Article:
Time to tighten our belts


Azmyl Yunor

Fuel subsidies are unsustainable in the long term because of the large financial burden they place on the state. – The Malaysian Insight file pic, June 14, 2024.

ON my flight back to Kuala Lumpur from Sarawak, while asleep, I suddenly felt a cold shiver run through me.

Upon arrival at KLIA, I had a raging fever. It seemed the Gawai trip had left me dehydrated.

By the fourth day, my fever subsided but a pulsing headache followed – I was warned that I might have a suspected dengue since this is the pattern it takes but it turned out to be just a viral fever).

While I was recovering at home, the big news that followed was about the targeted diesel subsidy for Peninsula Malaysia and the backlash that followed the decision.

Like any raging fever, I think the dropping of our oil subsidies is an example of the maxim “things must get worse before they get better”. Hence, my short tale about my fever.

Look, we have had it really good in Malaysia for a long time. None of our neighbours have subsidised fuel yet life goes on.

I think it’s high time for Malaysians to “ikat perut” (tighten our belts), as they say in Malay, to curb our unfettered consumerist tendencies, which explains why we are the fattest nation in Asean).

Here are three silver linings we should consider if our petrol and other subsidies are taken away.

We’ll spend more time at home

We spend too much time in shopping malls in Malaysia – on the peninsula, at least. Shopping malls, just like supermarket aisles, are designed to make us consume and on average, a family of four would need to spend at least RM100 for a family meal and snacks in a mall per visit.

On the flip side, since we spend so much of our earnings paying for our house mortgages or rental, why not spend more time at home instead and truly make it your castle, no matter what size it may be?

If you are single, a childless couple, or just cohabitating, there’s even more reason to stay home.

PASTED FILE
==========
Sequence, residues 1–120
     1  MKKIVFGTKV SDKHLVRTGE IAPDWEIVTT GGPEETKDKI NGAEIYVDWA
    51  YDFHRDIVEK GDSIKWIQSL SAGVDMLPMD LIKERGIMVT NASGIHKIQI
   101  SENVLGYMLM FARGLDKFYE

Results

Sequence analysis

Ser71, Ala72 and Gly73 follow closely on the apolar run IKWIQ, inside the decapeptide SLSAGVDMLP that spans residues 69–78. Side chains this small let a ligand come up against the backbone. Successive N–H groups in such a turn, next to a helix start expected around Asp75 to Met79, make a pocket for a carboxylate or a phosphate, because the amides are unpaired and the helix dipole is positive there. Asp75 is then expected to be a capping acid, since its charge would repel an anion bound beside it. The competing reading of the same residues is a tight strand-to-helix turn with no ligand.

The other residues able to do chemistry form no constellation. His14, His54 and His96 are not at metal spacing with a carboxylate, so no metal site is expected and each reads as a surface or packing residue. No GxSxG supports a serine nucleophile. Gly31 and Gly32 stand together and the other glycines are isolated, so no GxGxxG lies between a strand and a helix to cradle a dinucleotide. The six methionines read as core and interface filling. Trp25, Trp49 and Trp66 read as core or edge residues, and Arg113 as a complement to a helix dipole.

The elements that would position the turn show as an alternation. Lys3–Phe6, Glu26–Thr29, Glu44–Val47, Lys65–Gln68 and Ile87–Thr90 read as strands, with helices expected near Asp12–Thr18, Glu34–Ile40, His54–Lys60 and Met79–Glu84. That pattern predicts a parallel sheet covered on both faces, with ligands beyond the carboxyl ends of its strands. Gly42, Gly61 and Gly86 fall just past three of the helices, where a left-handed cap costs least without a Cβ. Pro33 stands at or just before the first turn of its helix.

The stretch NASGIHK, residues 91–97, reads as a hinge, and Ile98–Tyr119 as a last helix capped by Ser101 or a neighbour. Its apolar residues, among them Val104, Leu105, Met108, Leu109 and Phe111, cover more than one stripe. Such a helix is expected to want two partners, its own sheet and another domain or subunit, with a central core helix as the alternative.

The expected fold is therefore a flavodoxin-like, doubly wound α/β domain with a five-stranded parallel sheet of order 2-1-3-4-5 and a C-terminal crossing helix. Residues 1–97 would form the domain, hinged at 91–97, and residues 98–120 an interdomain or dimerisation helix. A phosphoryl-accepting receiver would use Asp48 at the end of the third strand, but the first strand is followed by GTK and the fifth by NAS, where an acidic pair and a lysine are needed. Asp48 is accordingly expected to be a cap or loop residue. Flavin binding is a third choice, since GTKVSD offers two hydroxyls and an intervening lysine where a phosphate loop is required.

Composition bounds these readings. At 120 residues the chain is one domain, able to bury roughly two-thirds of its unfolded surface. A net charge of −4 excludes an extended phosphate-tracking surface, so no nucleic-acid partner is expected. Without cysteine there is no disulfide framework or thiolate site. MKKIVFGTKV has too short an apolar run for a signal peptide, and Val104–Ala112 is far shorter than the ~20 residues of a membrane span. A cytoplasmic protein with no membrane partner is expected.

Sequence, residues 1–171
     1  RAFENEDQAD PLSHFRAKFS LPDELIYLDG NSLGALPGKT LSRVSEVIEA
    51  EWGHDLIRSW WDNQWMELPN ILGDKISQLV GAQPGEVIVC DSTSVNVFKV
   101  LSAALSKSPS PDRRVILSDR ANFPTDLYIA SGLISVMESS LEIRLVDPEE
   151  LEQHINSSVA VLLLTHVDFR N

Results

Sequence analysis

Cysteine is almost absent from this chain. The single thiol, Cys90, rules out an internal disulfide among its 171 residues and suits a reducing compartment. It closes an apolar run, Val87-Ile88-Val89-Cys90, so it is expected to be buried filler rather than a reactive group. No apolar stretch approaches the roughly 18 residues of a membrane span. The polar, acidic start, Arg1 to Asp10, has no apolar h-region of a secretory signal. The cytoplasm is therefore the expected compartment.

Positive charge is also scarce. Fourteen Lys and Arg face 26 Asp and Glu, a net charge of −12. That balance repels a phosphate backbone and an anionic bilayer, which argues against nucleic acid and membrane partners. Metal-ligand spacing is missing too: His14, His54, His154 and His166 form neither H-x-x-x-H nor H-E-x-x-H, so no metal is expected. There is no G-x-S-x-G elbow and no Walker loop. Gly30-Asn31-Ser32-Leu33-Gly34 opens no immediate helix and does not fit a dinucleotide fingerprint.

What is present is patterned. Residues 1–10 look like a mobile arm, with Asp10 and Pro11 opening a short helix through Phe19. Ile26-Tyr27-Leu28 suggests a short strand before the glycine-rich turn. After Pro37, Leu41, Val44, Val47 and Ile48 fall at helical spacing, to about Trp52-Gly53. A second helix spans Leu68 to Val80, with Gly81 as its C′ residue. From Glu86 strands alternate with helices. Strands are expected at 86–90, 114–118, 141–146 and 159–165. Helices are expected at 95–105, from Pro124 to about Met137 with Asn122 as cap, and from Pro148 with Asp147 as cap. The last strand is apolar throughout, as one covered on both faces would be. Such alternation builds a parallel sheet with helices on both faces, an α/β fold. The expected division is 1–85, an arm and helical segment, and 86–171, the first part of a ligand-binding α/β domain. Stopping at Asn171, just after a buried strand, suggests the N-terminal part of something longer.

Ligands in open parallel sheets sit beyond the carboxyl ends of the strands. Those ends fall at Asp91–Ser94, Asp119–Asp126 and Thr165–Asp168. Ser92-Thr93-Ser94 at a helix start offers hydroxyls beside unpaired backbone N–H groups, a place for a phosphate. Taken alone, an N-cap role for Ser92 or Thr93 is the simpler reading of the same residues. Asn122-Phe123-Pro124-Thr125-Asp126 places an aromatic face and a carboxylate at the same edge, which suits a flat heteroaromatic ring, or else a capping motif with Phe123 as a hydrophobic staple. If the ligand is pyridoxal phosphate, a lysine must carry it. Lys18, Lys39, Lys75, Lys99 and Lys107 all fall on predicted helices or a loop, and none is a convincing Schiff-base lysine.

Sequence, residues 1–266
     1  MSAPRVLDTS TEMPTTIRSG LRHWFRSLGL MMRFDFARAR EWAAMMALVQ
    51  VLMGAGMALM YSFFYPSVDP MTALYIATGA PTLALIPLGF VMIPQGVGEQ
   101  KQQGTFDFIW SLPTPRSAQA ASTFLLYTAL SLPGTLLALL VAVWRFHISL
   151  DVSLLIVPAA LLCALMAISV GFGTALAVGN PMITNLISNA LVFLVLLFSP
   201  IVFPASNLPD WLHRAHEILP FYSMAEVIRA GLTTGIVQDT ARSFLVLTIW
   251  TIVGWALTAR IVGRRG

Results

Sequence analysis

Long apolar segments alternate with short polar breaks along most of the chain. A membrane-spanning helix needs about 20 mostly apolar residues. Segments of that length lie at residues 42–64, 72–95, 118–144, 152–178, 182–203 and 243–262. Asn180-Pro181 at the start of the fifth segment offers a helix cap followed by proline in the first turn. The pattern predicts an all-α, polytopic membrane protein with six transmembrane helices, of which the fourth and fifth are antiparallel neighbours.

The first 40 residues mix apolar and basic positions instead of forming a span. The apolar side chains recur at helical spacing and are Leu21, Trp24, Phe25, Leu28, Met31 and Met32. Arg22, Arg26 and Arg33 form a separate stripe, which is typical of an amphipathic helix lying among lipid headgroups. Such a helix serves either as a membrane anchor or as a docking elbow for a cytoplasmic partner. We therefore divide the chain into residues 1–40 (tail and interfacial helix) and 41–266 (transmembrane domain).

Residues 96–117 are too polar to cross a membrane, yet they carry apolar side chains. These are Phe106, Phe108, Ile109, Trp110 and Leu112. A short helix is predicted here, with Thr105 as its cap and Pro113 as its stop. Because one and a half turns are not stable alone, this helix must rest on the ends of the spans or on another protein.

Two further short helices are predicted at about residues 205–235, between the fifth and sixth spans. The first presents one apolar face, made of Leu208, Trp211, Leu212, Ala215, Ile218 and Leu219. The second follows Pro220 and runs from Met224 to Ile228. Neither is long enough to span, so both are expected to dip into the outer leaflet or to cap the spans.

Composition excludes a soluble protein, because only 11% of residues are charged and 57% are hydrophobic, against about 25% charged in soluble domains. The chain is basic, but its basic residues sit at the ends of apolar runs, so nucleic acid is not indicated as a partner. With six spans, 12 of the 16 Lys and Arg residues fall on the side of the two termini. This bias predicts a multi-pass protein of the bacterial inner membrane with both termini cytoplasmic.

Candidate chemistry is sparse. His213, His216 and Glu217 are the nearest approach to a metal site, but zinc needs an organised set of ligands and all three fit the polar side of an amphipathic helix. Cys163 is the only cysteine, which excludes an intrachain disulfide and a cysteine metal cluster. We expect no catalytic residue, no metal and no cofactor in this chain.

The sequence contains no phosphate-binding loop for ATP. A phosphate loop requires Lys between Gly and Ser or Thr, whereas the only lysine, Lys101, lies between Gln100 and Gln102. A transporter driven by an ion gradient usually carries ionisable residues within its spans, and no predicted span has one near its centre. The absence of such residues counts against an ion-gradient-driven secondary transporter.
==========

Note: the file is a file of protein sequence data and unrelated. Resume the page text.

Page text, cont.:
While parents may find themselves in a bind because children need their time out and about, I am a firm believer in making your child deal with boredom rather than distract them in some temple of consumerism or a fancy gadget that depletes your own hard-earned money.

Stay home, keep the gadgets away, turn off the smart TV or laptops, and spend time with your children.

If you do not have children, spend some time pondering the meaning of life, looking out your window. Or read a book.

We’ll walk more

This is the simplest solution in dealing with the price of petrol once our precious subsidy is taken away.

Malaysians are lazy, especially those who live in the Klang Valley. We are a spoiled rotten bunch.

Where I live away from the more upscale part of the Klang Valley, people are lazy too because they ride their motorcycles everywhere (even on walking paths meant for bicycles and pedestrians).

While I am encouraged by the number of people I see strolling at the local parks, I think we can do better.

Walk to your local Speedmart or grocery store. Buy enough for you to be able to pick up and walk back with. Walk again the next time you need more.

By limiting your ability to zip to-and-fro out of sheer laziness, you also become more disciplined and precise in the goods you need and don’t need.

Maybe then our town councils will step up efforts to make our streets more pedestrian-friendly like in Putrajaya where absolutely nobody walks on its wide and beautiful pavements.

We will be more resilient

If you work in a corporate setting, the words “resilience” and “sustainability” have been bandied around a lot lately. Well, let us now live by them.

German philosopher Friedrich Nietzsche said “That which does not kill us makes us stronger” makes the point that suffering is good for you as it makes you more resilient.

There are plenty of things in our daily lives that we absolutely have no need of – a frappuccino, fancy car, big lunch, eating meat every day, movie streaming subscriptions, to name but a few.

Life is simpler if you turn down the noise of others around us.

Subsidies, at the end of the day, are unsustainable. 

Most Malaysians have a faith or religion they profess to, but how many of us truly live by the wisdom it teaches us?

Let’s take a deep breath and be ready to tighten our belts. – June 14, 2024.

* Azmyl Yunor is a touring underground recording artiste, and an academic in media and cultural studies. He has published articles on pop culture, subcultures and Malaysian cultural politics. He adheres to the three-chords-and-the-truth school of songwriting, and Woody Guthrie’s maxim “All you can write is what you see”. He is @azmyl on Twitter.

* This is the opinion of the writer or publication and does not necessarily represent the views of The Malaysian Insight. Article may be edited for brevity and clarity.


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Comments


  • Cannot-lah!!!

    Most Malaysian have their exercises by walking at shopping malls.

    Five minutes in the sun girlfriend/wife starts complaining but five hours at shopping malls and they love it.

    Posted 1 month ago by Malaysian First · Reply